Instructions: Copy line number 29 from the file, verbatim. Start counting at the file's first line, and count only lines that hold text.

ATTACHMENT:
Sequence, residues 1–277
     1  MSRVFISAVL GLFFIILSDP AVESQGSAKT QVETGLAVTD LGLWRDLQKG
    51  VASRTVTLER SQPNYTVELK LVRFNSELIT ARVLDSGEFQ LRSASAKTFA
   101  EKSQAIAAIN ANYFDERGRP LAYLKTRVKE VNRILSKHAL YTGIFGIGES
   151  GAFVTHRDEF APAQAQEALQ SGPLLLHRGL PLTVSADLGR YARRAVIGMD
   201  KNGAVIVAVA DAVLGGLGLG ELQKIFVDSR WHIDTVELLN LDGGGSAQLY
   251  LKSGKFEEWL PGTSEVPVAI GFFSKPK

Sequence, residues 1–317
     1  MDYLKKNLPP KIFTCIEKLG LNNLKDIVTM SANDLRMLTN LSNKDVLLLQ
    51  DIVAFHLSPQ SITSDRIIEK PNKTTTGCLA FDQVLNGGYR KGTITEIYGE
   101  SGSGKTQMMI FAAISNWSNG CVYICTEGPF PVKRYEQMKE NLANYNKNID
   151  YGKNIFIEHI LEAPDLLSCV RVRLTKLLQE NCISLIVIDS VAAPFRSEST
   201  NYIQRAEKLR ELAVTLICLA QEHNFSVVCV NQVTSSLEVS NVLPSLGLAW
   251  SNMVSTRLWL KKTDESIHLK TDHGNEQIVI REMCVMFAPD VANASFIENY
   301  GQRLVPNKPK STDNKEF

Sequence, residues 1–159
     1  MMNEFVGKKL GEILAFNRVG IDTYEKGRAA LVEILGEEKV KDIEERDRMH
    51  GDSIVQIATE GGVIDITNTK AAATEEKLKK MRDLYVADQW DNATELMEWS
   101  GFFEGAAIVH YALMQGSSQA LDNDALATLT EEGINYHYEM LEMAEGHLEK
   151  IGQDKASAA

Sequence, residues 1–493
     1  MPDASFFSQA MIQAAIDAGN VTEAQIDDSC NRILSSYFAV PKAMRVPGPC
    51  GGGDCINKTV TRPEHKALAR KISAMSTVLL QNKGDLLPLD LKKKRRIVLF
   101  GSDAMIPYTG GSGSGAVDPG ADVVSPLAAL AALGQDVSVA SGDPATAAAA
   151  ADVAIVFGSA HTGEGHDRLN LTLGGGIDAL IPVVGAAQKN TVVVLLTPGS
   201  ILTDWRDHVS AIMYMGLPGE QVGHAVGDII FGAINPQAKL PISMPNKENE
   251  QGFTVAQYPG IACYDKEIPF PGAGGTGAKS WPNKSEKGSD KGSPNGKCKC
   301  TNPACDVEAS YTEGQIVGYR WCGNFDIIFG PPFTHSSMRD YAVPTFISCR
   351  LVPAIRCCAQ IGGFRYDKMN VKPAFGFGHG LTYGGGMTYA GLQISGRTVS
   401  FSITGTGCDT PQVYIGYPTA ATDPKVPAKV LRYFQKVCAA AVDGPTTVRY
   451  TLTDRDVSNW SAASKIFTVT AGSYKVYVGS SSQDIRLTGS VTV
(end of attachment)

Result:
   351  LVPAIRCCAQ IGGFRYDKMN VKPAFGFGHG LTYGGGMTYA GLQISGRTVS